Last Saturday marked ten years I’ve had the honor of contributing to Econbrowser, at the generous invitation of Jim Hamilton (here are his thoughts on ten years of Econbrowser). What follows are some thoughts on what I’ve learned during that time.
The current account imbalance was the topic of my first post in September 2005. At the time, I focused on the confluence of an inappropriately expansionary fiscal policy (massive tax cuts and an invasion and occupation) and excessive foreign purchases of US assets. I think the tax cuts did spur the external deficits — and the boom in house prices.
Figure 1: Federal cyclically adjusted budget balance (blue) and current account (red) as a share of potential GDP. NBER defined recession dates shaded gray. Long dashed vertical lines at tax cuts; EGTRRA is Employment and Growth Tax Relief Reconciliation Act, and JGTRRA is the Jobs and Growth Tax Relief Reconciliation Act. Source: BEA, CBO (January 2015), NBER, author’s calculations.
Figure 2: Federal cyclically adjusted revenues as a share of potential GDP (blue, left scale) and real residential prices (red, right log scale). NBER defined recession dates shaded gray. Long dashed vertical lines at tax cuts; EGTRRA is Employment and Growth Tax Relief Reconciliation Act, and JGTRRA is the Jobs and Growth Tax Relief Reconciliation Act. Source: BEA, CBO (January 2015), NBER, author’s calculations.
Note that the fiscal measures are cyclically adjusted (technically, “without automatic stabilizers” in CBO parlance), so one cannot just say the recession caused the steep decline in the Federal budget balance and revenues. Rather these were policy driven changes. The current account clearly decreases, with a lag, in response to the budget balance.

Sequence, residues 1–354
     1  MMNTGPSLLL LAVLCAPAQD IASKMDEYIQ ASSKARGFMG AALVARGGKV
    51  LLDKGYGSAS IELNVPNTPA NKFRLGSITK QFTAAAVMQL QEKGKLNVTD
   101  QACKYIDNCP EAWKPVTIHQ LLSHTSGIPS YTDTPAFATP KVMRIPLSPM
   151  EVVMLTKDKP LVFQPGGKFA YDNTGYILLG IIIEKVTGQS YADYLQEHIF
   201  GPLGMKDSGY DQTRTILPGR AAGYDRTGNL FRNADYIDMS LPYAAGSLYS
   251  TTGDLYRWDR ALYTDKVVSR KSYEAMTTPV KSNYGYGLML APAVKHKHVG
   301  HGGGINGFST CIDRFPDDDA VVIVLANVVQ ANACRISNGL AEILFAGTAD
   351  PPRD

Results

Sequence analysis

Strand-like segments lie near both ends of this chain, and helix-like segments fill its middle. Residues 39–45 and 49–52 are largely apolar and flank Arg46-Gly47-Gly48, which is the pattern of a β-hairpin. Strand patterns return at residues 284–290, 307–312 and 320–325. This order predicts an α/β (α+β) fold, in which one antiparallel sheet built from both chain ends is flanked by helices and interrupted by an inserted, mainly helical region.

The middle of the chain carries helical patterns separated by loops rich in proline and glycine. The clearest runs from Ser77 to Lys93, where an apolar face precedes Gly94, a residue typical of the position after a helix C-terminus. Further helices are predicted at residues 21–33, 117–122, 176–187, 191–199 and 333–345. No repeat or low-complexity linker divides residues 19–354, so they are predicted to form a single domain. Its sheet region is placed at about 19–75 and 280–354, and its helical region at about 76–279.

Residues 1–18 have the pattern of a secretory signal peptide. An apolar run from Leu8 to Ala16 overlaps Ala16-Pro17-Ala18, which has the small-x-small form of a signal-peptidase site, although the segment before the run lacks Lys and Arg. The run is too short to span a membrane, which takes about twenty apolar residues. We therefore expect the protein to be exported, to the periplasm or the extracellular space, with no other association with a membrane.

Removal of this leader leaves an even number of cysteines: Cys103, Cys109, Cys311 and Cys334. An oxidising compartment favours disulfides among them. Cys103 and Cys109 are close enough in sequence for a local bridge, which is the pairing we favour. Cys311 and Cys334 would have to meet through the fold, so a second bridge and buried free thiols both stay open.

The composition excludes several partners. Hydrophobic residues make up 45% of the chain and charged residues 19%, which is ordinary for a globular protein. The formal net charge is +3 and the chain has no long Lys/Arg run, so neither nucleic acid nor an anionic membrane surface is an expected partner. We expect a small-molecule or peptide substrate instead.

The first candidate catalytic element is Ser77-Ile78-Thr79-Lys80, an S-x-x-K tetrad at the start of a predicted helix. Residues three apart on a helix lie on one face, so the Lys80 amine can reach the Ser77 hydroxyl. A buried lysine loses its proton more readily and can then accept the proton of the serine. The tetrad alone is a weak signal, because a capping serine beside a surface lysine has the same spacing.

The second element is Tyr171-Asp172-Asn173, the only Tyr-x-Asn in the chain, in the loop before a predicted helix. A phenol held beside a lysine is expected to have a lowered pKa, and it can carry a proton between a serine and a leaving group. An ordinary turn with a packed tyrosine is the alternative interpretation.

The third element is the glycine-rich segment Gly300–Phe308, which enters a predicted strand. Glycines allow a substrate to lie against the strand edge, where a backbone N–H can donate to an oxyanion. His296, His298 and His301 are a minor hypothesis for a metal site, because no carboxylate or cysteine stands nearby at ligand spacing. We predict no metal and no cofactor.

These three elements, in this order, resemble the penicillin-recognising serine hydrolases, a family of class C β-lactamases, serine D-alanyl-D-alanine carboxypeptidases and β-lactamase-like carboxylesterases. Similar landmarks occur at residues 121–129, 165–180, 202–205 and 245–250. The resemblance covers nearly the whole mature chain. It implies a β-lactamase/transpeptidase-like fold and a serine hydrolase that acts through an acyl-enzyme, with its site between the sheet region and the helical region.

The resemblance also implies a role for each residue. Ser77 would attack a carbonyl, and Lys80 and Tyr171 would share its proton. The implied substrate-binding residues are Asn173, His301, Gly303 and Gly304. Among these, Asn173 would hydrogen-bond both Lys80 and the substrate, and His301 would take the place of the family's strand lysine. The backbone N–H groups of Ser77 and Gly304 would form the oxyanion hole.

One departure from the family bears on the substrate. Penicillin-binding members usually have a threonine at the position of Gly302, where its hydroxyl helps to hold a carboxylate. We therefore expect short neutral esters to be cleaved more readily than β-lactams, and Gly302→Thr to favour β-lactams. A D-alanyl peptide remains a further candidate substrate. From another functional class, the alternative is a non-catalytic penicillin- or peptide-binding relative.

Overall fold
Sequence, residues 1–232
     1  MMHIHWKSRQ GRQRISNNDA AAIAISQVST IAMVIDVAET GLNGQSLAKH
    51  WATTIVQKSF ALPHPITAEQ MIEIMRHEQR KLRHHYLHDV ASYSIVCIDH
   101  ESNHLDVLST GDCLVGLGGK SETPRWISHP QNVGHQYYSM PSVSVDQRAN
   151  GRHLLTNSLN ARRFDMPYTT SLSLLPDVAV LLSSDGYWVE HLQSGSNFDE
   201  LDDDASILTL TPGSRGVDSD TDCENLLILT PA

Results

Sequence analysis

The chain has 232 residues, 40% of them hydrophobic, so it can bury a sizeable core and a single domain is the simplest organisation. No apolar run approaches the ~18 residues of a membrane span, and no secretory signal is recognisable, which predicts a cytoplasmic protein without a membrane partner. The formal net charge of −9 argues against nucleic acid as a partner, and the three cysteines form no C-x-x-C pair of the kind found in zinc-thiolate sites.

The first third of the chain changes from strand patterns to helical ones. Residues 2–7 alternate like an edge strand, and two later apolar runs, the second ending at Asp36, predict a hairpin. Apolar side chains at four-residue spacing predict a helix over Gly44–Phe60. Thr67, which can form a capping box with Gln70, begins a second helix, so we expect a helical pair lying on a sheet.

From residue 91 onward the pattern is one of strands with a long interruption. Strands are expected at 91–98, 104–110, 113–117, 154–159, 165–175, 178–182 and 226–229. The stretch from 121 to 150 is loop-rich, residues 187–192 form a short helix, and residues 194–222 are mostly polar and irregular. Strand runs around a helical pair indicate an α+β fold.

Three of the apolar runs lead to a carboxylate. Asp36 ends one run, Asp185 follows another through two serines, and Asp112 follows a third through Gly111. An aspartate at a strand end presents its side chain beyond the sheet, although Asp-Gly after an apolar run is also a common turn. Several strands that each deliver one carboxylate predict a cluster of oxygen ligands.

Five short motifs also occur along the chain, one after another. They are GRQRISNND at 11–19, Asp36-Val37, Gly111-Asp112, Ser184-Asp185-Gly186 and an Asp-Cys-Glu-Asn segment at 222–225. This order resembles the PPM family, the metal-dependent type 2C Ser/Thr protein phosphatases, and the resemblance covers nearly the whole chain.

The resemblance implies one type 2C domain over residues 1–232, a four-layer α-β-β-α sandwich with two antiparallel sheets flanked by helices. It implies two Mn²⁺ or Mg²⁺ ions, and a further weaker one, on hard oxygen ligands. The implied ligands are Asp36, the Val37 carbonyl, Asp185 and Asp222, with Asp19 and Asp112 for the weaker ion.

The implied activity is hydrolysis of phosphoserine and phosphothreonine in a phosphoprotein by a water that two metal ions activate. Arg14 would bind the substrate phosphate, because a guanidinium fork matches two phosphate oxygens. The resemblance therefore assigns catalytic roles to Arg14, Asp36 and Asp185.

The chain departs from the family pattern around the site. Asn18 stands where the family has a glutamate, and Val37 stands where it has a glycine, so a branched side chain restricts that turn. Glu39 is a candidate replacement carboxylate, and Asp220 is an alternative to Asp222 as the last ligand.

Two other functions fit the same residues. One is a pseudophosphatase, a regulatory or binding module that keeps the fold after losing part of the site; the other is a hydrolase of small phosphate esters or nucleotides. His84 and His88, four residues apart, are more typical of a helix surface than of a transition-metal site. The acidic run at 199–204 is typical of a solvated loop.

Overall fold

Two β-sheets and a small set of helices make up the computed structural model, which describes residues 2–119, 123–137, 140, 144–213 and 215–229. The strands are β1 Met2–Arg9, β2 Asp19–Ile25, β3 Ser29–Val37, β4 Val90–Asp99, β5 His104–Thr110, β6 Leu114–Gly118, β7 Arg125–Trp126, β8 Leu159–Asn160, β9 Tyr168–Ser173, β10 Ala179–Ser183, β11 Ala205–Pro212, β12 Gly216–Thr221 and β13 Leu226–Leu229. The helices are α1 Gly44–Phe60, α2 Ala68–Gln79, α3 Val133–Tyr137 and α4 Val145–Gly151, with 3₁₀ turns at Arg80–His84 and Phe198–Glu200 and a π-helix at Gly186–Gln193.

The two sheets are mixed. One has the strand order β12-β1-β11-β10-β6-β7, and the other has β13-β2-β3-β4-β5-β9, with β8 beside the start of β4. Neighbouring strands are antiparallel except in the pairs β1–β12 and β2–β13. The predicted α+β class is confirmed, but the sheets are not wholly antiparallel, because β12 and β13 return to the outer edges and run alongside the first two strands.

Turn now to Federal revenues. Since the right scale of Figure 2 has a log scale, then the steepening of the red line represents an acceleration in residential prices (this is a BIS series; using a twenty city Case-Shiller index deflated by CPI yields an even more pronounced acceleration and peak).
Deregulation and financial innovation of course also added to the effect. In retrospect, I should have placed much, much more emphasis on the resulting Akerlof-Romer process of “looting” as a driver of the resulting asset boom, as I did in early 2007. While I was incorrect on how the imbalances would play out in a crisis — I thought the US would experience a dollar crisis, rather than an internal “sudden stop” — I was proved right that the fiscal policies implemented in the mid-2000s were unsustainable, and resulted in a bust of unprecedented proportions.
One worry I expressed in 2006 is that in embarking upon massive tax cuts, the G.W. Bush Administration was constraining future fiscal policy choices. That anxiety proved to be well-founded. Had we had a larger budget surplus – actually just a smaller structural deficit – in 2008, then the American Recovery and Reinvestment Act of 2009 could have been measurably larger, and the suffering endured during the great recession could have been further mitigated. Instead, the legacy of surpluses at the end of the Clinton administration were squandered in exchange for a housing and consumption boom, and a war of choice that cost a trillion dollars just in direct fiscal costs. (See also Lost Decades).